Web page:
In June, I was asked to participate in the Allinfoodz podcast, put on by a colleague, Dr. Amit Sharma, at Penn State University. One of the points Dr. Sharma wanted to discuss was the impact of climate change on food safety, which is something I was certainly aware of, but not something I had done much research on. However, when preparing for the interview and podcast, it was interesting to learn more about the relationship between the two.
Although the topic of climate change can be a political hot button in an age where everything seems to be to the extremes, regardless of the cause, there is evidence weather patterns across the globe are changing, and this change does have an impact on overall food safety in the complex global food system. One thing we can all agree on is climate change and food safety impact all of us.
It shouldn’t be difficult to understand the impact rising temperatures could have on food safety, and I am guessing anyone who reads these blogs has likely taken a food safety training class and understands the temperature danger zone – the range from 41°F to 135°F where bacteria multiple the fastest. Thus, it stands to reason that the warmer our environment becomes, the greater the chances for a foodborne illness outbreak. A few years ago, the World Health Organization released a report that noted when the ambient temperatures are greater than 41°F, cases of salmonellosis in Europe would increase 5% to 10% for each 1.8°F increase in the average weekly temperature. Several different studies have noted very similar results in various countries and cities around the world.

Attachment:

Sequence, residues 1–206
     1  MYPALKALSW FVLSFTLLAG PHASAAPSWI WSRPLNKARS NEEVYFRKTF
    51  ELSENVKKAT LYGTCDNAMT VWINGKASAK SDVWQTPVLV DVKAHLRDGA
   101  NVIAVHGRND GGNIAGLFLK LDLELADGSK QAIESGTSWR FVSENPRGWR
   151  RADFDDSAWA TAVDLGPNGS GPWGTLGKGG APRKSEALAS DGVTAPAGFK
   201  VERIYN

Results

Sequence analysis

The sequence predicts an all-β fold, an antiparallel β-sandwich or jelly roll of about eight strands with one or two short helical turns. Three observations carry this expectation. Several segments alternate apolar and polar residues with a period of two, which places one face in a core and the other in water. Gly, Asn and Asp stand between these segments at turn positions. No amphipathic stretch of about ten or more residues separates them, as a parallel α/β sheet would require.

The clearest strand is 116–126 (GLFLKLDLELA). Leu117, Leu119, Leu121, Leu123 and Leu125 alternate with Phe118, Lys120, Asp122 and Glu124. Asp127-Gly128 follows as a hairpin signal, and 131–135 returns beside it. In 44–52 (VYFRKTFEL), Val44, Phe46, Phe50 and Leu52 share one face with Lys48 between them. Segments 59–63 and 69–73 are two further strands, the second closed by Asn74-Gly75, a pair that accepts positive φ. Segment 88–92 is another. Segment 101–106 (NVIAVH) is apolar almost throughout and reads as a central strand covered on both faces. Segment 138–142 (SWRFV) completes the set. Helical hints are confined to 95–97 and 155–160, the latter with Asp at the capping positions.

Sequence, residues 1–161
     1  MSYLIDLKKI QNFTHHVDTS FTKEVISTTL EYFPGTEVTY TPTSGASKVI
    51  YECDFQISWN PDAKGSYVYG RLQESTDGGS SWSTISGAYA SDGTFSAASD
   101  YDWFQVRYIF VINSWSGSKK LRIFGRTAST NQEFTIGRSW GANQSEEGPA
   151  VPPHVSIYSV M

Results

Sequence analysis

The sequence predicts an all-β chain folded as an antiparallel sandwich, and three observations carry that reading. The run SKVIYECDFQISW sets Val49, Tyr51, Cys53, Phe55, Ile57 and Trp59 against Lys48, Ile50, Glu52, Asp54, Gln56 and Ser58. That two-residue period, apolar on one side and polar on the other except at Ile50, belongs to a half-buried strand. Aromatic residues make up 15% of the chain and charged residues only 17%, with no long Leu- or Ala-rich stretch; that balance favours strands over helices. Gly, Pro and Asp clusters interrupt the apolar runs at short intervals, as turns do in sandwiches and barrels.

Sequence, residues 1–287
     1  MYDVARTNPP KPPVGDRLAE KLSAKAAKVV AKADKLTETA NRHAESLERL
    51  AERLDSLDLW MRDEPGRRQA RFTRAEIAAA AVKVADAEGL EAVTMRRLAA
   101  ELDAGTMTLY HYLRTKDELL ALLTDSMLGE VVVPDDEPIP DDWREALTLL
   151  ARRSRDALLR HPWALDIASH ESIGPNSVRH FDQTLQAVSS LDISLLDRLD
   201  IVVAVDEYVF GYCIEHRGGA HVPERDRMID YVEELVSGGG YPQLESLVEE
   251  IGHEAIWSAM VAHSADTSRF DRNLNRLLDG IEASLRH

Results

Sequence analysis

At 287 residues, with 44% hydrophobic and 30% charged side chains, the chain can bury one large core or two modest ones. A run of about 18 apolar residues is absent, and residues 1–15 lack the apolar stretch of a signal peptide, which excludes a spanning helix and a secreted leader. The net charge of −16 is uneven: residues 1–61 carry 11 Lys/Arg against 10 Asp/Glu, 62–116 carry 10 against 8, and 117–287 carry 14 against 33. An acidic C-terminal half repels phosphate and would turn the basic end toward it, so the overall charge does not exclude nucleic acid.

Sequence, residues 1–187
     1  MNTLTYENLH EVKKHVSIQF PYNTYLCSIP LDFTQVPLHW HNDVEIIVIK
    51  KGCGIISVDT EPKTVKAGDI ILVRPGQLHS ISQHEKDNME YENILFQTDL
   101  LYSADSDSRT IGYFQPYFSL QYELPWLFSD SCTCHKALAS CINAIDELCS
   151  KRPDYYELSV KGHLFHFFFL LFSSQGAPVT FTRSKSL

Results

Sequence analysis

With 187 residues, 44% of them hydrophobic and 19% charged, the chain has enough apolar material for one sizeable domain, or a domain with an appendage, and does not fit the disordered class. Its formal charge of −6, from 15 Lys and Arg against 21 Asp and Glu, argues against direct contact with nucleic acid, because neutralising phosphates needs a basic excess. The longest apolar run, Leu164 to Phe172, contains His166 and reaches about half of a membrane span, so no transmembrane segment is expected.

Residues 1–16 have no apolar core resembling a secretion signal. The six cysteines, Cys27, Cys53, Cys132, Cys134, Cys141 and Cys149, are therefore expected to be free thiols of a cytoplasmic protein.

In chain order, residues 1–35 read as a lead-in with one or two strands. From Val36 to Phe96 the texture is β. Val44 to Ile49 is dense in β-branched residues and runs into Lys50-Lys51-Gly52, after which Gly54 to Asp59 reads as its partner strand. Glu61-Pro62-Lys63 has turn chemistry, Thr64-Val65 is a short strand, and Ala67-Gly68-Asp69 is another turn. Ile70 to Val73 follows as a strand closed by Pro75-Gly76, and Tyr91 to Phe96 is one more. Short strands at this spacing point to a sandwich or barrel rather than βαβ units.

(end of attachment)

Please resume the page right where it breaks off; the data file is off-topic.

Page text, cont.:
…the warmer our environment becomes, the greater the chances for a foodborne illness outbreak….cases of salmonellosis increase 5% to 10% for each 1.8°F increase in weekly temperature average.
As temperatures increase, extreme weather events are more likely to occur. Just last month, we had six extreme weather events occur in the US on the same day, June 13. While Yellowstone National Park was dealing with flooding that closed the park, the Midwest and Southern part of the US were hit by a derecho, while other parts of the Midwest and South dealt with a severe heat wave, wildfires raged through Alaska and the Southwest, and the west was still in the midst of a drought.
What does this mean for the foodservice operation? Be vigilant. Changing weather patterns will increase the incidence of foodborne illnesses over time. Bacteria, viruses, and parasites will mutate and change, new concerns will emerge. Stay up to date with these issues to have the best chance at protecting your business and your customers.
I do hope you all had a happy and safe 4th of July. If you haven’t kept up to date on the SafeBites on-demand webinars, be sure to watch out most recent recording and submit your request for the certificate, if you need it. Be sure to reach out if you have any questions about food safety, we are happy to help. Risk Nothing